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There are a few basic, largely common sense rules governing the personal and professional conduct of individuals entrusted with the responsibilities of cabinet and sub-cabinet officials as well as top level governor’s office staff.
Some go without saying (don’t get arrested, for instance) others are self-evident (don’t drink yourself into a falling down stupor at fund raisers), and others merely call for common sense judgment (if you drive a state-issued vehicle, don’t park in front of a massage parlor at noon on a workday).
There is, though, one simple overarching, never to be disregarded rule: Don’t embarrass the boss. Ever.
Recent history suggests the avoid embarrassment directive was missing from the new employee welcoming kit distributed at the outset of Gov. Phil Murphy’ Administration 14 months ago.
*The rolling public relations disaster produced by the bungling of the sexual assault allegations lodged against a Murphy campaign official and his subsequent appointment to a top-level position at the Schools Development Authority.
*The revelation that the executive director of that Authority had purged 38 career employees and, in what appears to be a case of patronage run wild, replaced them with relatives, friends, and previous co-workers and associates whose qualifications are somewhat dicey.
*The failure to respond rapidly and effectively to a mid-November snowstorm that stranded thousands of motorists for hours and kept students overnight in a school, exacerbated by the disclosure that while the storm paralyzed a large swath of the state, the governor was enjoying dinner in an upscale restaurant near his home.
*Spending nearly one-third of the State of the State address to belabor the state’s tax incentive program, claiming that $11 billion had been committed to lure business development or location, funds which could have been used for aid to education or the public pension system or transportation system subsidies when, in reality, the $11 billion represented future tax credit commitments rather than hard cash allocations.
*The appointment of a former Passaic City Councilman to a position in the Department of Education, even though he was barred from holding public office because of a Federal conviction and prison term for accepting bribes.
As publicly embarrassing as these incidents are, they also portray an Administration unable to foresee potential problems or to act decisively when confronted with situations that demand a determined and confident response.
It is an Administration which seems flustered, constantly behind the curve, reacting to developments rather than controlling them.
For instance, Murphy, asked about the allegations of out of control patronage at the SDA, replied that his Administration “was trying to figure out what was going on there,” a response that only solidified the perception of a failure to manage government effectively.
For months, the Administration insisted that it acted properly and in accordance with regulatory restrictions in dealing with the accusation that Albert Alvarez, a campaign official, had raped another campaign worker, Katie Brennan, in April of 2017, and that its hands were tied in any effort to investigate further before Alvarez was hired.
It took only four hours for their argument and rationale to be totally demolished by an employment law expert from Seton Hall University who testified before a select legislative investigating committee that nothing stood in the way of a review of the assault allegations, nor was there any legitimate reason to withhold the information from the governor.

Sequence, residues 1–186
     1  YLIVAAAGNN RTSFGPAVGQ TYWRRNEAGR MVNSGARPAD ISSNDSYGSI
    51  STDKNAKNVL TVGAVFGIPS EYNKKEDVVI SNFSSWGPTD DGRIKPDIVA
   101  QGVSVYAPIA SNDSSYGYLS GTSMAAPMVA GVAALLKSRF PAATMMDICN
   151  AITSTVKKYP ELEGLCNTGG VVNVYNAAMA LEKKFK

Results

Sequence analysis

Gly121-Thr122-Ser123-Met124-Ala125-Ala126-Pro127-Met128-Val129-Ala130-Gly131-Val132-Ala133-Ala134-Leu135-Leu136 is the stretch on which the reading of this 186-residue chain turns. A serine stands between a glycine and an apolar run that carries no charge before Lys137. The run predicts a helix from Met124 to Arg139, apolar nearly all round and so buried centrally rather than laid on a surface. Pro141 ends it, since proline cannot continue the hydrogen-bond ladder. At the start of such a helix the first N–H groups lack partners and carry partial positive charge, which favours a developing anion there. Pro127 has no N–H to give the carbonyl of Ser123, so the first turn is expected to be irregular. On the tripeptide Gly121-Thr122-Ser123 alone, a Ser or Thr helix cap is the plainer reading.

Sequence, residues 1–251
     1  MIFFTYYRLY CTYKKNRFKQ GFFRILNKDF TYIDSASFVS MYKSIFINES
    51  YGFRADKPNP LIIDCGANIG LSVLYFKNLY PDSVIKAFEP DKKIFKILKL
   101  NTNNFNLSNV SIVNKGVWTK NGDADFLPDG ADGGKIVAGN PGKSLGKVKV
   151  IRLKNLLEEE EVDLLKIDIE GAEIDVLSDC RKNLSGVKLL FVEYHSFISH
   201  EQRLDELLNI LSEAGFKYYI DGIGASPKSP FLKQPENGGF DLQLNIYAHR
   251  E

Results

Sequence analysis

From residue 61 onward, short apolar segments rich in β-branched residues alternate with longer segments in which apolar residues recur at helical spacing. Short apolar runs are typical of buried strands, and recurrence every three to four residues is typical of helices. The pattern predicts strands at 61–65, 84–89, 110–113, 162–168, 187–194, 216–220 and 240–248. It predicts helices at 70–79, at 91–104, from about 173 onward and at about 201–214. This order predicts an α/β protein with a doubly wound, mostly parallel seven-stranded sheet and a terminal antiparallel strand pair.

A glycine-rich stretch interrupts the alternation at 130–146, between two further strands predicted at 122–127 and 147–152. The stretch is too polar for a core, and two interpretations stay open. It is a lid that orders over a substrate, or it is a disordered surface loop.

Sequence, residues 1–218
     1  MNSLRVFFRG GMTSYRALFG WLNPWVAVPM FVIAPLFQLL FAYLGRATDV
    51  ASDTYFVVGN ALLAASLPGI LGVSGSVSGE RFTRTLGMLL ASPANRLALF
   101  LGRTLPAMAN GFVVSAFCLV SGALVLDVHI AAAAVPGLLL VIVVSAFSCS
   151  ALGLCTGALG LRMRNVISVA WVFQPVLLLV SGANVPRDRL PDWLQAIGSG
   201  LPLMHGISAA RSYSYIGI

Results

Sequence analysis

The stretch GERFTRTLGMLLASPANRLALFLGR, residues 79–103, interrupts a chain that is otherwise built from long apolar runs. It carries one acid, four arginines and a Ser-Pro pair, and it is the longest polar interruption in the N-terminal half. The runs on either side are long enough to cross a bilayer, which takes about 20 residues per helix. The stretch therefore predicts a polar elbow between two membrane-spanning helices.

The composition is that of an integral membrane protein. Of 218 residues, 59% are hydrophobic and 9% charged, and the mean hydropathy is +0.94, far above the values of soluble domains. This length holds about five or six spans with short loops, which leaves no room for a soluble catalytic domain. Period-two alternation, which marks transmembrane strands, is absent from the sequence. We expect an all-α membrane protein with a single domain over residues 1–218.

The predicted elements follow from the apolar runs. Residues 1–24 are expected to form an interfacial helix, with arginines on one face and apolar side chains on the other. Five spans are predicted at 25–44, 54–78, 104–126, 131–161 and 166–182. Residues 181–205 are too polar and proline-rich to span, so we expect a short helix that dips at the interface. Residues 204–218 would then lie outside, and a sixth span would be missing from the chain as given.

To this day, the committee has been unable to discover who approved Alvarez’ appointment and, given the denials by all the governor’s staff witnesses, it’s likely to remain a mystery, adding to the embarrassment factor.
The governor blamed the less than robust response to the November snowstorm on inept weather forecasters — an excuse which satisfied no one and brought withering criticism down on his head from the National Weather Service.
His attack on the state’s tax incentive program was long on hyperbole and short on accuracy, a deficiency which could have been easily foreseen and cured by more rigorous research and advice from those involved in the program. It came across as an overreach, a search for a political headline rather than a carefully thought out plan for greater oversight of the state’s efforts to foster economic development and business growth.
At the core of these instances of official embarrassment lies a serious lack of political judgment and instinct, qualities honed and absorbed by experience on the part of those who’ve walked through the fire of campaigns or have held positions of political leadership, who understand and appreciate the wisdom of people who deal with the fundamentals at the heart of political reality and who are willing to share that wisdom.
The turmoil and upheaval which characterize New Jersey politics — all politics for that matter — cannot be learned or understood from a book; it must be lived and those who have lived it should be appreciated and viewed with respect.
History has it that Lyndon Johnson, following the first meeting of the Kennedy Administration cabinet, took to bragging to House Speaker Sam Rayburn about the White House staff of advisers from Harvard and other prestigious academic institutions and think tanks.
“You may be right and they may be every bit as brilliant as you say,” Rayburn is said to have replied, “but I’d feel a whole lot better about them if just one of them had run for sheriff once.”
His point was unmistakable, and Murphy could benefit from the old Speaker’s advice.
Carl Golden is a senior contributing analyst with the William J. Hughes Center for Public Policy at Stockton University.